Talk time gains a similar one-hour increase to a maximum of four hours.
When used with the MagSafe Charging Case, the third-gen model manages up to 30 hours of total listening time, and up to 20 hours of talk time.
The fast-charging capability is arguably similar to the second-gen, at an hour of listening time or an hour of talk time for a five-minute charge.
Third-generation AirPods vs Second-generation AirPods - Connectivity and Other Details
Both generations connect over Bluetooth 5.0 to the host device, such as an iPhone or iPad.
Apple didn't include any sort of sweat or water resistance in the second-generation AirPods, but it is included at an IPX4 rating for the third-generation AirPods.
While both sets of AirPods are only available in white, the cases could be personalized with an engraving. A vast aftermarket of case stickers, wraps, and covers also exist to further personalize the second-generation case, and it's pretty likely a similar collection of accessories will become available for the third generation soon.
Third-generation AirPods vs Second-generation AirPods - Pricing
Second-generation AirPods with the Charging Case previously cost consumers $159 to buy, but Apple has reduced the price down to $129.
You could previously get the second-gen AirPods with the Wireless Charging Case for $199, though that's not offered by Apple anymore. You can still buy the Wireless Charging Case for the second-gen model separately, for $79, which puts the total purchase cost at $208.
Apple charges $179 for the third-generation AirPods, complete with the MagSafe Charging Case.
Small but worthwhile upgrade
For generational changes of devices, consumers usually expect major alterations to the form. While iPhones and the MacBook Pro afford new features that are quite obvious, the AirPods line doesn't quite operate the same way.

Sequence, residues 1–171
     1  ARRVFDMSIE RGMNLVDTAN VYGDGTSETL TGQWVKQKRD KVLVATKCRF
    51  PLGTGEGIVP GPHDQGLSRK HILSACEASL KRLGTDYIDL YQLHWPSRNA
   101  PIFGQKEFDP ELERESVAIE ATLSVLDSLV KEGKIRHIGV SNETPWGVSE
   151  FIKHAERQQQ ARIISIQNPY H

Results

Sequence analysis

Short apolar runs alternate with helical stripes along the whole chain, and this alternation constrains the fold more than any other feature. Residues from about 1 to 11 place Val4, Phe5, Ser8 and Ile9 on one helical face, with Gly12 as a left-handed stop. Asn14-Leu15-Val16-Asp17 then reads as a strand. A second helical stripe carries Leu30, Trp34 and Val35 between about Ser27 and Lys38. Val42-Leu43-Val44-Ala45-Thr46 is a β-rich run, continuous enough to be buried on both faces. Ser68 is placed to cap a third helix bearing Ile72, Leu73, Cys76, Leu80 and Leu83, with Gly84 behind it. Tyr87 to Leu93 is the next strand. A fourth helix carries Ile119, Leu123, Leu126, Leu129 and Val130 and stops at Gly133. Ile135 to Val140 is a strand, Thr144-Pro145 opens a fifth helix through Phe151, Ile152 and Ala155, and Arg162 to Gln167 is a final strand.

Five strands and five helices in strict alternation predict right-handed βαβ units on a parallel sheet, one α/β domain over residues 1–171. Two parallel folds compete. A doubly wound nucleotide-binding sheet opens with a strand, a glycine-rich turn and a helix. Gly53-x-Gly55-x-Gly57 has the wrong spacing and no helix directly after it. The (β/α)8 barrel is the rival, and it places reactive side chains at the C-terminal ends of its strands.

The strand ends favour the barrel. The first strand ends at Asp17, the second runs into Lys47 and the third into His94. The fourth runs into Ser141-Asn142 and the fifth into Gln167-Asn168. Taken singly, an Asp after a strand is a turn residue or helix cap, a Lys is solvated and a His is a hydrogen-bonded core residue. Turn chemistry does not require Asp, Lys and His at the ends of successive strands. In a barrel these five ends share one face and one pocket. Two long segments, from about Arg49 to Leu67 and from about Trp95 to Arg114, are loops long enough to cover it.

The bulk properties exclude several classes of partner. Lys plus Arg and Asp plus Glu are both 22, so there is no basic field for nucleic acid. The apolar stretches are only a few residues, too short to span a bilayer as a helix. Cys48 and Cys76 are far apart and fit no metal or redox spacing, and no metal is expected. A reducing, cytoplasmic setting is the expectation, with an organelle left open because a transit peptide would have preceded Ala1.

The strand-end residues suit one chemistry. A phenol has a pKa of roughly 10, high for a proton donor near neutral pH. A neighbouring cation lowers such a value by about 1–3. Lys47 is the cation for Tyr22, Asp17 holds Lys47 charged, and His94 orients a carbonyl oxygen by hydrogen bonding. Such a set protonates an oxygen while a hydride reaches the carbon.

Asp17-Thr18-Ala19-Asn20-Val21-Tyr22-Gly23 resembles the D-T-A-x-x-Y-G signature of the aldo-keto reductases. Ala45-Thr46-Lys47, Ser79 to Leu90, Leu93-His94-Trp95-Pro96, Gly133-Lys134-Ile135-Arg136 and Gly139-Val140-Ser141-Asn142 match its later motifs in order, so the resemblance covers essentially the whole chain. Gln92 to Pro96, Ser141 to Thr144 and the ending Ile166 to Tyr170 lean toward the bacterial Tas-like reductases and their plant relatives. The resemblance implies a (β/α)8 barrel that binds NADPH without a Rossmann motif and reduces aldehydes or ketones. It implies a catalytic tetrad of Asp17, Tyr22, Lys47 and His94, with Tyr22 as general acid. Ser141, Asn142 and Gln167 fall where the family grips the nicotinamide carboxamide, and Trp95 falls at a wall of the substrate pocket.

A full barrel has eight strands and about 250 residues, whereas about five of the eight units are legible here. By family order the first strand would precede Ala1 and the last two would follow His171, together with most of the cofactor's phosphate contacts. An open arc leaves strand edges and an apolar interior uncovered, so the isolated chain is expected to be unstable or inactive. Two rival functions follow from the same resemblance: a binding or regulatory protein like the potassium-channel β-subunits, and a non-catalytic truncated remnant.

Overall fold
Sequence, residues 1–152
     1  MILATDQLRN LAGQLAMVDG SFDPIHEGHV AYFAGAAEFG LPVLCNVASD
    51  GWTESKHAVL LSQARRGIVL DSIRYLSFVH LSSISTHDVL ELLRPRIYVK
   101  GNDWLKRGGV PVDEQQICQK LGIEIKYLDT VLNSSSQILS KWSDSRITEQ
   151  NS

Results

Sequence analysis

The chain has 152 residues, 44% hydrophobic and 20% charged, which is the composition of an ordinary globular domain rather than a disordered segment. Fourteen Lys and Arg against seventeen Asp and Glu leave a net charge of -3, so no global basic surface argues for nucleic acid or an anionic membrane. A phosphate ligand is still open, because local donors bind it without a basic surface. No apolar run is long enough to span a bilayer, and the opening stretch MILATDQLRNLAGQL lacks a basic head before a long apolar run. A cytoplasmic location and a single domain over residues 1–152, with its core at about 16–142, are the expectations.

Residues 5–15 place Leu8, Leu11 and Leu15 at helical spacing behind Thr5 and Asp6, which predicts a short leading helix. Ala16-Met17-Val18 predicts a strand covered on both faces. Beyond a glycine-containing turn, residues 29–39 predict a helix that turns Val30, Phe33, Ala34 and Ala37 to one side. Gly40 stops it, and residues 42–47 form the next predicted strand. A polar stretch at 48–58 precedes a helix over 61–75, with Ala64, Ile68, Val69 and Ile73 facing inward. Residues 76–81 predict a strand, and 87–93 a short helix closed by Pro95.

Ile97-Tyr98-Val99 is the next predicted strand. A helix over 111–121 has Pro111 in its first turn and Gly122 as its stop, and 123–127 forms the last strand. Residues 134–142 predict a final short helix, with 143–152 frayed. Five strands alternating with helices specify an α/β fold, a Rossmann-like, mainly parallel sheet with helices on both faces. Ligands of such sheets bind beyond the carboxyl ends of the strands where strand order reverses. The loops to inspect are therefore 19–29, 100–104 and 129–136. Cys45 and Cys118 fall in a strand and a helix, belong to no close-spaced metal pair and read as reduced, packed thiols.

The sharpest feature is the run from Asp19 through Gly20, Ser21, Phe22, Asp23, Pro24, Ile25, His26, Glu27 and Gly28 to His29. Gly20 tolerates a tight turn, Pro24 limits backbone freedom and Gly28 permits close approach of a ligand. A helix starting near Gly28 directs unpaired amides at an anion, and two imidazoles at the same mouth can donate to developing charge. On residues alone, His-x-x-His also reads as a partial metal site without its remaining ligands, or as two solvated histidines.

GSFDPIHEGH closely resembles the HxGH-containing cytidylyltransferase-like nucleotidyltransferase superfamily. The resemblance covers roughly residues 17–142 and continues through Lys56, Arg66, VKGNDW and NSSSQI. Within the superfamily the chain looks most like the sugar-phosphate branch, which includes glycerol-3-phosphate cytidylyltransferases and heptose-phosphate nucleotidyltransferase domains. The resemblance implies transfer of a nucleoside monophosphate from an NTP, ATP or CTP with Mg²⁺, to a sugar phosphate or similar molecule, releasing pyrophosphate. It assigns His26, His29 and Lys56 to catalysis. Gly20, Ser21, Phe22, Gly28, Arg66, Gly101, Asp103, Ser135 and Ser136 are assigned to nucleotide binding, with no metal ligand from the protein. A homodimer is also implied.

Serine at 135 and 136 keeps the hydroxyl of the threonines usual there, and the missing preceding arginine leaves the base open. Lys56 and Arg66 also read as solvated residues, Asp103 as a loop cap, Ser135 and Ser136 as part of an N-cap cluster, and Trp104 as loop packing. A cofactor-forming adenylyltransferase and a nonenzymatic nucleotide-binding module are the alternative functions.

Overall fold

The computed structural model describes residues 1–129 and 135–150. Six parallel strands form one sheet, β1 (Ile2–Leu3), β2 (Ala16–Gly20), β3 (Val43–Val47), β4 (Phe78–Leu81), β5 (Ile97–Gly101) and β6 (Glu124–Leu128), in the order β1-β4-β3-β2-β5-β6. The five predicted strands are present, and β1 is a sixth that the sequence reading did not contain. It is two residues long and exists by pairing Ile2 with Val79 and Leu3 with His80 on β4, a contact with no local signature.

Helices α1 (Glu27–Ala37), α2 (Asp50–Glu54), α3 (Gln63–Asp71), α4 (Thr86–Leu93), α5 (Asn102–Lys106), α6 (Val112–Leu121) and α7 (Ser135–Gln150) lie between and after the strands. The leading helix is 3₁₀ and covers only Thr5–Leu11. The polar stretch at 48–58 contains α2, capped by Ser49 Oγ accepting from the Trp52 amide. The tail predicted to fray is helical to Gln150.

You're never going to get significant changes in features as you would see between the AirPods and AirPods Pro. But there are still changes worth caring about.
Those changes include Spatial Audio support, which will become a bigger thing as Apple embraces the idea and builds more support for it into its apps and services. The sweat and water resistance will also be welcomed by those who rely on AirPods for entertainment while working out.
The battery life is probably going to be the most welcomed, as it means an all-day user will spend more time listening to music between charging instances.
For this time around, Apple's decision to continue selling the second-generation model at a lower cost and without a Wireless Charging Case bundle gives users a very cheap entry point into AirPods ownership. At the price point of the third-generation AirPods, it makes sense for those looking for wireless charging to look there rather than to spend more on the older model with the separate charging case.
Existing AirPods owners probably won't see enough changes to warrant upgrading, especially if they already own a Wireless Charging Case. For that group, they're more likely to be looking at the AirPods Pro as their next personal audio purchase.
Those looking to own AirPods for the first time can't really go wrong in buying the all-new AirPods. Potential AirPods owners will probably find the extra $50 for the third generation worthwhile to pay for Adaptive EQ, Spatial Audio, and wireless charging capability, leaving the now-cheaper second-generation AirPods only to the most price-conscious consumers.